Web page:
A first year scholar focused on research can understand the working model we have in place and conduct research on any aspect of it that he or she might appeal to. Some examples are: (i) why girls choose non-science based careers (ii) how females contribute to a workplace (iii) impact made my online mode of teaching vs offline in class teaching (iv) how much time it takes for students to grasp STEM concepts vs non STEM concepts (v) how many lessons are needed to truly get a girl interested in technology (vi) which course curriculum is more appealing and why (vii) prevalence of STEM subjects in socially disadvantaged societies This is merely scratching the surface. There is a plethora or research opportunities in the field all of which can be extremely intriguing as well as add value to CTC and other organisations with similar goals. A second year scholar focused on leadership can help start their own local chapters of CTC. They can recruit new members (volunteers from local schools and universities) or work together to build their team. A lot of work goes into a successful workshop: (i) building teams (ii) building curriculum ( they can choose to use our preexisting curriculum or build new based on their research findings) (iii) marketing to students, subsequent communication, etc. (iv) design posters, material for social media campaigns (v)

training instructors to teach the curriculum (vi) looking for suitable chief guest/mentors (vii) managing the meeting real time ( breakout rooms, etc. ) (viii) raising funds if required (ix) collaborating with local NGOs, schools, universities to deliver workshop, build network, find mentors and mentees

Activities, outcomes and benefits?

Apart from the above, activities can include: – Daily tasks like sprint meetings (agile team, working style), – First few days to identify role and responsibility within the team, make a plan of tangible weekly goals – Weekly catchup with us or representative of Laidlaw foundation – Writing emails to schools, NGOs, students, guest speakers, etc, cold calling, sending calendar invites – Designing graphics/posters for social media campaigns, certificates for participating students – Designing presentation slides for the curriculum delivery – Training teaching instructors ( try to make teaching style, methodology uniform across different cohorts)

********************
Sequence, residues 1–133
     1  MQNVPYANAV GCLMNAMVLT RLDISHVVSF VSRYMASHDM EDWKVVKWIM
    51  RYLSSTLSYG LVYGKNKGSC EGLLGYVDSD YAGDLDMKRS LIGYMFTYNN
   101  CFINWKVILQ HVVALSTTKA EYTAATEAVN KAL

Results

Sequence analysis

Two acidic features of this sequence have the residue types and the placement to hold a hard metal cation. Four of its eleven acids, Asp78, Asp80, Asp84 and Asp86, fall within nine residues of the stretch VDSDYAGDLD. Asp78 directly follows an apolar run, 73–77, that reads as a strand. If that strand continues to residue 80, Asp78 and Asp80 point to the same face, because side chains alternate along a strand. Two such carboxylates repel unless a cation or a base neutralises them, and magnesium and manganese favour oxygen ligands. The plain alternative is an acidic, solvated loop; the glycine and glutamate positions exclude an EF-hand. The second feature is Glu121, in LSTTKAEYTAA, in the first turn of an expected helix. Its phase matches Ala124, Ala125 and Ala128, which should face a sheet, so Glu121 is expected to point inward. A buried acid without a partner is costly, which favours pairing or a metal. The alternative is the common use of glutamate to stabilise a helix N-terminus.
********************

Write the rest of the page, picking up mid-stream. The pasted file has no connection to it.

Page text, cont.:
Any leadership / team work experience will teach you how to: – Manage a team – Delegate work – Learn to listen, have empathy – Dealing with conflict – Social skills, emotional intelligence – Problem solving – Organisation skills, being methodical, adhering to timelines

What skills are needed to do the placement successfully and any logistical issues?

Any student passionate about the cause and driven towards making an impact can be places successfully in the program. Having technical skills may be a plus but is definitely not a pre requisite for being placed. Anyone who is proactive, takes initiative, is a team player and has a good work ethic will be a good fit for the program.

What support the scholars will receive from you and your co-workers?

All of us at Change the Code are extremely excited about the collaboration and would be ready to help in any and every way possible. We are available for daily/weekly catchups. We can help the scholars work out a plan of action in the first few days for the remainder of the summer. We can be mentors and can help them navigate situations with their other teammates better. We can share our curriculum with the scholars, share are best practices, teaching tips. We can also loan our instructors in case technical expertise is needed to design curriculum as well as teach it. We would like to provide support in any which way the scholars or the Laidlaw foundation needs from us.